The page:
Security Strategy, Plan, Budget

The automation quandary: Or how to stop worrying and start automating

Information security is threatened from multiple angles. Threats have grown more sophisticated, digital infrastructures more complex, data more voluminous, and security talent increasingly scarce. The pace and volume make it impossible for IT groups to keep up. Automating tasks is an obvious solution to these challenges, but there are deeply ingrained concerns that automation will make matters worse, taking down essential service elements, quarantining senior executives, or otherwise disrupting critical business processes.

Cybersecurity in a world without automation

The number of threats in cyberspace today is almost beyond human comprehension. Our threat intelligence service responds to 48 billion queries every day and has 600 million samples in the database. Within the next few years, there will be 30 billion IoT devices, 3 billion smartphone users, and 450 billion Internet-based business transactions per day. It is little wonder that the magnitude of data and alerts is overwhelming even the most experienced and efficient human security professionals. Without the scale that automation enables, the future of cybersecurity looks grim.

Do you have automataphobia?

Despite spending millions of dollars on security tools and teams, organizations continue to get breached. Our research indicates three probable drivers behind this conundrum: poor digital hygiene, undeployed security tools, and isolated security processes.

Digital hygiene refers to foundational activities, like keeping patches up to date, testing updates, and validating signatures. With most attacks coming out within a few hours of a vulnerability disclosure, lengthy update approvals and manual patch processes leave organizations at risk. Cloud and SaaS operations have proven that automated patch testing and deployment works well with minimal downside risk. The human capacity gained from automating basic tasks can be redeployed on more critical security activity such as threat hunting or incident response.

Buying security tools and not deploying them is usually related to lack of resources. External security consultants are a logical path to solving this problem if your team doesn’t have the necessary time or expertise. Another option is to use the time saved by automating mundane tasks to deploy the shelved security tools.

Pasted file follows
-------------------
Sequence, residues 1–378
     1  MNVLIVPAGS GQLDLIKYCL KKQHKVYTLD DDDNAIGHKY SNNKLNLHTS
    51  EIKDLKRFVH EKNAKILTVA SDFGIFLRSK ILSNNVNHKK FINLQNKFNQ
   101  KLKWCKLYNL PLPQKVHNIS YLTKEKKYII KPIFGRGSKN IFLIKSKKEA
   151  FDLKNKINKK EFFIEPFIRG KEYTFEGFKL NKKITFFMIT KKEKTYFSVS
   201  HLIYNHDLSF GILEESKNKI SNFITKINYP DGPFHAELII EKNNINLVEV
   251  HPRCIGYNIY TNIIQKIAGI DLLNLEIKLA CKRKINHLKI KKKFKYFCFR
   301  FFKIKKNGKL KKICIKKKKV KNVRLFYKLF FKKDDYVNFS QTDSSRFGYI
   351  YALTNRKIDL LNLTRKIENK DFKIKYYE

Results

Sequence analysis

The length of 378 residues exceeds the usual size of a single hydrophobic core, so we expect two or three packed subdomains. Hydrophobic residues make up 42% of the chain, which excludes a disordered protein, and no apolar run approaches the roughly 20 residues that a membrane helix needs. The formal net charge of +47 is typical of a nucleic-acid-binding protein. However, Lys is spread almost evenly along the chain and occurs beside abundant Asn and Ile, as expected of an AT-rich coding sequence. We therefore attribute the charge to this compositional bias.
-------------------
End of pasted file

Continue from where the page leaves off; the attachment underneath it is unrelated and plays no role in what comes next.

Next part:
Finally, many attacks are successful because they find gaps ripe for exploit between security products. Manual or no integration between security products allows suspicious activity to dwell unnoticed. If an attack is identified and blocked, all entry points should be instantly informed. If a compromised device is detected, security products should automatically scan all other devices for evidence of similar compromise, and quarantine affected systems. Allowing machines to make these decisions, based on policy set by the security team, accelerates time to detection and remediation without incurring material risk of unintended IT consequences.

Human-machine teaming is the path forward

Automation has long played a minor role in the security process. IT environmental complexity, attack velocity, and talent scarcity are moving it from an optional to a mandatory element of sound cybersecurity practice. Combining human strategic intellect with more reliance on the analytic strength of machines delivers superior security outcomes.

Machines collect and analyze large quantities of complex data, sifting through massive datasets to find patterns and anomalies while they are still fresh in the environment. This moves data analysis from a backward-looking, forensic activity to an active pursuit. With appropriate training, machines can collate and prioritize alerts for human investigation, while instantly acting on those that fall within defined policy parameters.

Humans are able to take information that machines put forward and apply strategic intellect. They understand the context of multiple pieces of data threaded together and are much better at deciphering the subtle clues that unearth an attack. For example, Operation Sharpshooter attacks start as realistic-looking job recruitment messages, followed by links to download a malicious document. When the machine flags the malicious document or the anomalous behavior caused by the embedded macro, humans can follow the communications trail to the broader campaign and take steps to inform and protect the organization from these social-engineering attacks.

With the human and machine acting together, repetitive tasks are automated, humans have more capacity to apply their essential skills, and the machines continually learn and improve their capabilities. When you combine this with an architecture built to facilitate rapid and active sharing of threat intelligence, you create an advantage for those trying to secure their cyber assets versus those trying to exploit cyber assets.


The need for speed in cybersecurity makes automation mandatory. By automating tasks that play to the engineered ability of machines, we accelerate the time to detection and correction of attacks. Humans are then able to focus on the trickiest investigations and tasks that leverage their cognitive abilities. Together they mitigate the risk of overlooking critical cyber incident clues needed to avoid or recover from potentially catastrophic attacks.

If the security industry delivers on this human-machine teaming vision, we can harness the power of machines and humans to further the cybersecurity cause and secure the digital assets most important to consumers and organizations alike.

Candace Worley, Vice President and Chief Technical Strategist, McAfee

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